Health

Facing Your Fears Takes Courage

By Lorna Foreman | Nov/Dec 2018

I don’t imagine there are too many people who can claim to have absolutely no fears. May they be big or small, fears can and often do, adversely affect our daily lives.

Travelling by airplane is my big one and I know I am not alone. I have flown, but it takes so much out of me, I prefer not to. I have read that repeatedly exposing ourselves to our fear is supposed to lessen it, but for me it was just the opposite.

Yet, that concept is interesting and personally I got over my fear of speaking in front of people by just ‘doing it’. Oh yes, there is always significant ‘stage fright’, but that can also be an energizing factor.

Fear is not actually real — it is an illusion. Nobody, even people who claim to be intuitive, really know what is going to happen — but that’s a whole different subject. It is our visualizations that make us fearful and perhaps projecting them could contribute to the outcome.

How does one get over our fears? There are many suggestions. One is to make a list of your fears starting with the least worrisome one. Try putting yourself into one of those fearful situations — a little bit at a time and slowly increase the time of exposure.

When I was a little girl, I was terrified of dogs. It didn’t help that my grandmother reinforced it by picking me up whenever we met a dog and shooing it away. After my grandmother died, my father did a very daring thing — he took in a stray dog that a neighbour had rescued when it had been hit by a car. I will never forget that day. In came the dog and off I went screaming down the hall to my room. I stayed there for hours but sitting in my room while my parents were serving dinner did not appeal to me, so I crept down the hall deciding that it may be a good idea to befriend ‘the dog’. In I marched and went directly over to pet the dog. Unfortunately, he was eating at that moment and snapped at me. My father punished the dog, but the interesting thing was that instead of reacting by crying and running away, I told my father not to ever punish my dog again. It had become ‘my dog’ and from that moment on, I was never again fearful of dogs.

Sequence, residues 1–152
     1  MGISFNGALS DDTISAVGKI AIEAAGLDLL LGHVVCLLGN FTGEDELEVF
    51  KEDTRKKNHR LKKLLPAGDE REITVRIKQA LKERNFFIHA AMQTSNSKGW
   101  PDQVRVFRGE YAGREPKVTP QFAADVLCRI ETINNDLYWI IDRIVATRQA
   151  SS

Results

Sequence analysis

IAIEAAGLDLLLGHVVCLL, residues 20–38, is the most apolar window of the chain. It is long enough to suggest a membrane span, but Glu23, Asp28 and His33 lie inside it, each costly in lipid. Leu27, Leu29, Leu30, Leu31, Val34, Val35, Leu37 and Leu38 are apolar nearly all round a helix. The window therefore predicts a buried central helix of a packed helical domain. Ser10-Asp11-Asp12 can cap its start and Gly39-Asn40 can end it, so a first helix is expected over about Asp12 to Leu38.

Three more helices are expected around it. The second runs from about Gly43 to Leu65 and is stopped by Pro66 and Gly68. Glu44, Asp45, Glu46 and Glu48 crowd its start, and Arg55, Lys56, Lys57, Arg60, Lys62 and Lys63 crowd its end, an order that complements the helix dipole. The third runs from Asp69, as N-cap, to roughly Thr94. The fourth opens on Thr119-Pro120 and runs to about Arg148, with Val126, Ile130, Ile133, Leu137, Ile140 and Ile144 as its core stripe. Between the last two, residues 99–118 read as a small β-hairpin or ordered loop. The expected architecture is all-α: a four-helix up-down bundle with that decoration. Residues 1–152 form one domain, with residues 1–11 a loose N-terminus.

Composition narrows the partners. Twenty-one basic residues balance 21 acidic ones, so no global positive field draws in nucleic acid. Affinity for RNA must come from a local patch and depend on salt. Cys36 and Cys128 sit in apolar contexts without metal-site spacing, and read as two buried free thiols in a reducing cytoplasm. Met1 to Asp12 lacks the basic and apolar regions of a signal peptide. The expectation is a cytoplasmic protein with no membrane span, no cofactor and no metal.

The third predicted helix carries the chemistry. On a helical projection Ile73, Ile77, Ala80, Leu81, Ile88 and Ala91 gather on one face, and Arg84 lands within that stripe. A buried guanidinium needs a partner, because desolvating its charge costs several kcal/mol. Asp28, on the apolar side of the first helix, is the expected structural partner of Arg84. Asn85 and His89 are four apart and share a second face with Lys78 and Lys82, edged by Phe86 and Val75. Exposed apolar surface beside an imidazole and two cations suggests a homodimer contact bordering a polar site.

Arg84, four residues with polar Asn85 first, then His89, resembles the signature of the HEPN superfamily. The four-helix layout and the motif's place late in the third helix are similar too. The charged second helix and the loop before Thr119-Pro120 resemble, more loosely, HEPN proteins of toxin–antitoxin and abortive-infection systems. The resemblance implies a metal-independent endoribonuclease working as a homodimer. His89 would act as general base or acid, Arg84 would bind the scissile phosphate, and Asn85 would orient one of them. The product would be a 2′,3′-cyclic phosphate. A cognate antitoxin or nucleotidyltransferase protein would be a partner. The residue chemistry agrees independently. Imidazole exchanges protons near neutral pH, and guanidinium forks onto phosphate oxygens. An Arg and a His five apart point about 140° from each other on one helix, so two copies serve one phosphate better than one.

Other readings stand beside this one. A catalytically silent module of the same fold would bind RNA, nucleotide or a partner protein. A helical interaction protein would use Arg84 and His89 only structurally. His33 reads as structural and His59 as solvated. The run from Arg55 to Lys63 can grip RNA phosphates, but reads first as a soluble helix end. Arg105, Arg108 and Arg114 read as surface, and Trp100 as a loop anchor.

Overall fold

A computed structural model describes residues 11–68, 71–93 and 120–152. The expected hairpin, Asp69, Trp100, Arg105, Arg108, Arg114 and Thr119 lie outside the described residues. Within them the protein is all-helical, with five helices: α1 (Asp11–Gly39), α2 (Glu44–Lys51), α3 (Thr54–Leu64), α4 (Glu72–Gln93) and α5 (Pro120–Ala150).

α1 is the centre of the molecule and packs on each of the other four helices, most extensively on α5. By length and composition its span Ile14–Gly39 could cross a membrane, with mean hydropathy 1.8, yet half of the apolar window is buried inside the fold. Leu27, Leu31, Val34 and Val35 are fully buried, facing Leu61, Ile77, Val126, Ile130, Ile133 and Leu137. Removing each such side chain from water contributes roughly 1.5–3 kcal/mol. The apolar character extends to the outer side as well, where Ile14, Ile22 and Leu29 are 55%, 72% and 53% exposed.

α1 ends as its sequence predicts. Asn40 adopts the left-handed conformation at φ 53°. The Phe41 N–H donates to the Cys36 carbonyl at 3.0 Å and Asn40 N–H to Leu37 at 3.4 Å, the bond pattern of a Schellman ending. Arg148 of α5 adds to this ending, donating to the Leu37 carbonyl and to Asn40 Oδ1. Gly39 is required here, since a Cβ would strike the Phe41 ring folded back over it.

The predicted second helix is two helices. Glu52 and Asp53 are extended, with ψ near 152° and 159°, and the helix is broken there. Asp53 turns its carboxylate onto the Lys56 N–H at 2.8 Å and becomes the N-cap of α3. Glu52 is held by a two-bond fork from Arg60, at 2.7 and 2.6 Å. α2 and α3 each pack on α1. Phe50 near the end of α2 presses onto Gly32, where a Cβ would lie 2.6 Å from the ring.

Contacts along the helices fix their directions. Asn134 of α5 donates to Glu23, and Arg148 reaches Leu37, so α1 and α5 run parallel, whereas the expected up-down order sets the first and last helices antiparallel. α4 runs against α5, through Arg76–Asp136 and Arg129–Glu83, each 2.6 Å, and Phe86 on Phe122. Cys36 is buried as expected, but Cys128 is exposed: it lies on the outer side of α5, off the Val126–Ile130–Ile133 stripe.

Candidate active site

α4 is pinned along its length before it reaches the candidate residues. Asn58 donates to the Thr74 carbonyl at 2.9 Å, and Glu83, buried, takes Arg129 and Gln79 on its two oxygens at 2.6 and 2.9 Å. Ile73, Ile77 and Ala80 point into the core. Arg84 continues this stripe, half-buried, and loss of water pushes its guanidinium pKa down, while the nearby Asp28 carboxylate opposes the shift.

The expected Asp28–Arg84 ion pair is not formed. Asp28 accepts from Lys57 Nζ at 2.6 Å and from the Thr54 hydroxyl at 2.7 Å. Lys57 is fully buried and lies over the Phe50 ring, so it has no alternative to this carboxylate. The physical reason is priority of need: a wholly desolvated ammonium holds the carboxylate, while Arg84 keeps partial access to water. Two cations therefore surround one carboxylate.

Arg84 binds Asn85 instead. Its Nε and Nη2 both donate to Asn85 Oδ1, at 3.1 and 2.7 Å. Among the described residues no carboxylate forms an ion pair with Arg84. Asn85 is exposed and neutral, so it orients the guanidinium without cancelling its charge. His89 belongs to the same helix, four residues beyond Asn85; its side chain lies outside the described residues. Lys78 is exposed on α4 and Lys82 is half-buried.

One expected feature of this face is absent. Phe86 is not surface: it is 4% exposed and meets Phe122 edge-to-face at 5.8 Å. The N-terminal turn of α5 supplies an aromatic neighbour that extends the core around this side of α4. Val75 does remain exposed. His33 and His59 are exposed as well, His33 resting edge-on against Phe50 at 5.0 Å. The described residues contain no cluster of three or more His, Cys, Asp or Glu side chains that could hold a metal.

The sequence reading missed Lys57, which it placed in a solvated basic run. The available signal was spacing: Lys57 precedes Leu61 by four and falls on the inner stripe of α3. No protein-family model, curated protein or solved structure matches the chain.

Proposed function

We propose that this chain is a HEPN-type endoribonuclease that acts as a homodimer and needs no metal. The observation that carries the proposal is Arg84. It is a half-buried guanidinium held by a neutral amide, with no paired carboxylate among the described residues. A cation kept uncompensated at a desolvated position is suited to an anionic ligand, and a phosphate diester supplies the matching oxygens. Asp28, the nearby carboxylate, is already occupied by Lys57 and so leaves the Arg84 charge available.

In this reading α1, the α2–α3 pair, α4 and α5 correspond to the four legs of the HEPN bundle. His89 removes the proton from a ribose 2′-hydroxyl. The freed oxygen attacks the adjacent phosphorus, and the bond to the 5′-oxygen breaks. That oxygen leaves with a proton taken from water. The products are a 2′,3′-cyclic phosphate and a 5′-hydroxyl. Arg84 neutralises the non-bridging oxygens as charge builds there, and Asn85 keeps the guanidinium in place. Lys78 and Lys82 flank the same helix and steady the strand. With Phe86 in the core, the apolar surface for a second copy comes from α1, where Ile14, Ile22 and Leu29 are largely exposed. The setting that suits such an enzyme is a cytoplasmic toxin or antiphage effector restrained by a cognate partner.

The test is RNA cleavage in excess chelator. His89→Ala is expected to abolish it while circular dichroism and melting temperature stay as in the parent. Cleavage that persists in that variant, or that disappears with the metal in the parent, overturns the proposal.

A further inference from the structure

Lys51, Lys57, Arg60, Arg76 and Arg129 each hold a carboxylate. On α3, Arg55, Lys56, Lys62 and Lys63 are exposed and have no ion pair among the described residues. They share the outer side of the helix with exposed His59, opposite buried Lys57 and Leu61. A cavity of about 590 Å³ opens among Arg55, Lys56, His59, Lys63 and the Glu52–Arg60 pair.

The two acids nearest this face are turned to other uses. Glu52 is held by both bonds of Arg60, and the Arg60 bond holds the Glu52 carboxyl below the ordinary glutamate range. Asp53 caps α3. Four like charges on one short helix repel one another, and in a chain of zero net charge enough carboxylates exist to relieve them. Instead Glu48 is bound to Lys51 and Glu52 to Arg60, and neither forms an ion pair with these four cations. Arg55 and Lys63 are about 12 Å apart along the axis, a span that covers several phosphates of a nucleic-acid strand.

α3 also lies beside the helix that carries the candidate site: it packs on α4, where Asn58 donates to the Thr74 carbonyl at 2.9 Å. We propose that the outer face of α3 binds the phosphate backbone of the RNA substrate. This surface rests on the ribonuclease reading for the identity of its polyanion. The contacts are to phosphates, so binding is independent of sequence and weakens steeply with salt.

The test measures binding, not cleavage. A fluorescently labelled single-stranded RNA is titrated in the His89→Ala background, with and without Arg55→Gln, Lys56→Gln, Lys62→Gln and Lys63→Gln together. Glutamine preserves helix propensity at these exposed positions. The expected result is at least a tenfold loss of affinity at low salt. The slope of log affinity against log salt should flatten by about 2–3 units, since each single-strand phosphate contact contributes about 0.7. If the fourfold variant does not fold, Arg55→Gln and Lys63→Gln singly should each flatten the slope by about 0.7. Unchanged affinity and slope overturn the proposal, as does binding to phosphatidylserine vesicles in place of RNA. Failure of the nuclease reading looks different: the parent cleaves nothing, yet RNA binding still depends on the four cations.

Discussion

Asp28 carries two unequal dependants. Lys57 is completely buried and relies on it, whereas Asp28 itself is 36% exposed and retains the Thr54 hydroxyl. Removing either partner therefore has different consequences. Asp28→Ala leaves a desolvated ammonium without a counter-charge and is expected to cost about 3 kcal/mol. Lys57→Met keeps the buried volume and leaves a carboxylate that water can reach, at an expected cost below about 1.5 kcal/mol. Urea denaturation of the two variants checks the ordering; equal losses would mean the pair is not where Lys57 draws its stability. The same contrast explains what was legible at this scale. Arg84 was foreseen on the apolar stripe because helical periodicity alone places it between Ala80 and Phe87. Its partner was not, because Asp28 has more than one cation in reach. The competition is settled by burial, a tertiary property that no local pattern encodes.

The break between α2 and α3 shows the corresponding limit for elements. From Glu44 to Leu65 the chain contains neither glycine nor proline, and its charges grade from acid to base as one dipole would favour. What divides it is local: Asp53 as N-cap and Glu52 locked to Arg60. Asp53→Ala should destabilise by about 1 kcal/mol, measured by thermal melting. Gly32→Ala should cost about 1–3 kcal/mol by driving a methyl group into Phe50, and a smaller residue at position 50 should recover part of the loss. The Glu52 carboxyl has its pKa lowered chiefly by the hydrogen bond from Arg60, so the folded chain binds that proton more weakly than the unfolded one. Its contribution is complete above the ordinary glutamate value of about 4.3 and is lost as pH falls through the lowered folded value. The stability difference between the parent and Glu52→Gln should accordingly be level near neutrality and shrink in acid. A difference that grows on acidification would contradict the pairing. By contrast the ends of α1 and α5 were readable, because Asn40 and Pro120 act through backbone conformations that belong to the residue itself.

Seniors tend to feel more vulnerable as they get older and become fearful about things they may not have feared when younger. I have often wondered why. There are a lot of seniors who are adventurous, who travel, keep on working, take up new activities including some risky sports. Perhaps the retirement years offer more time to reflect — which is a good thing but too much time alone, thinking, can create ungrounded fears. Somewhere in the middle is a healthy approach. Facing your fears takes courage no matter what they are, but it is awful to live your life ruled by fears.

Physical fears are perhaps easier to overcome. The psychological ones are a little more insidious and difficult to deal with, yet the idea is the same — confront them. Yes, you will feel anxious but over time it will lessen. Oddly enough, talking the fears out with someone diminishes their impact.

I once observed a woman friend who was terrified of wasps. At first, she would not deal with them when they got into her house. I don’t particularly like them either, but I went over and showed her how trapping and releasing it rather than getting hysterical, not only saved a wasp but the act itself changed her attitude.

I think fear is a perceived feeling of having no control over a situation…like flying for me.

I still have silly little fears and a few bigger ones. I decided that my new motto is “what the hell, might as well.” In fact, I have made a sign and put it up on my wall where I cannot miss it. Does it work? So far it has helped as I have accepted some new invitations that I may have refused before, because of some unsupported fear.

Mind you, my fear of flying remains. Yet that fear has opened up wonderful adventures. I have travelled by train, boat, bicycle, motorcycle and cars. Will I fly again? Maybe, because I really would like to go to Cuba. We’ll see.

Lorna Foreman is a self-described 50-plus writer, author and artist who lives in Cornwall.